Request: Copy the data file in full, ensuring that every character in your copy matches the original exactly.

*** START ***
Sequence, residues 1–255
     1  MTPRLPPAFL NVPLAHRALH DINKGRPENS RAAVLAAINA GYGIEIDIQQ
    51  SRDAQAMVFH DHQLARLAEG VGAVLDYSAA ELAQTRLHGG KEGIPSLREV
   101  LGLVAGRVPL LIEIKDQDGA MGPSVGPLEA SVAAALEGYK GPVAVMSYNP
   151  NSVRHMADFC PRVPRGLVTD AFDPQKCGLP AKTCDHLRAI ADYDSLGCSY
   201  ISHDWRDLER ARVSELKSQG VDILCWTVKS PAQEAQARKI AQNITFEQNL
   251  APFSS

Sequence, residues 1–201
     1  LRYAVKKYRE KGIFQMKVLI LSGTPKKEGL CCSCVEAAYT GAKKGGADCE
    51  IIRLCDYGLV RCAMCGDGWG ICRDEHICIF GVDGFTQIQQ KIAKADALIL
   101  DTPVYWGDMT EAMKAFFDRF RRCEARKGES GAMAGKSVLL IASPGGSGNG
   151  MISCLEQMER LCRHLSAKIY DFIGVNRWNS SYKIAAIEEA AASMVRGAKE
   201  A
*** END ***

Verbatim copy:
Sequence, residues 1–255
     1  MTPRLPPAFL NVPLAHRALH DINKGRPENS RAAVLAAINA GYGIEIDIQQ
    51  SRDAQAMVFH DHQLARLAEG VGAVLDYSAA ELAQTRLHGG KEGIPSLREV
   101  LGLVAGRVPL LIEIKDQDGA MGPSVGPLEA SVAAALEGYK GPVAVMSYNP
   151  NSVRHMADFC PRVPRGLVTD AFDPQKCGLP AKTCDHLRAI ADYDSLGCSY
   201  ISHDWRDLER ARVSELKSQG VDILCWTVKS PAQEAQARKI AQNITFEQNL
   251  APFSS

Sequence, residues 1–201
     1  LRYAVKKYRE KGIFQMKVLI LSGTPKKEGL CCSCVEAAYT GAKKGGADCE
    51  IIRLCDYGLV RCAMCGDGWG ICRDEHICIF GVDGFTQIQQ KIAKADALIL
   101  DTPVYWGDMT EAMKAFFDRF RRCEARKGES GAMAGKSVLL IASPGGSGNG
   151  MISCLEQMER LCRHLSAKIY DFIGVNRWNS SYKIAAIEEA AASMVRGAKE
   201  A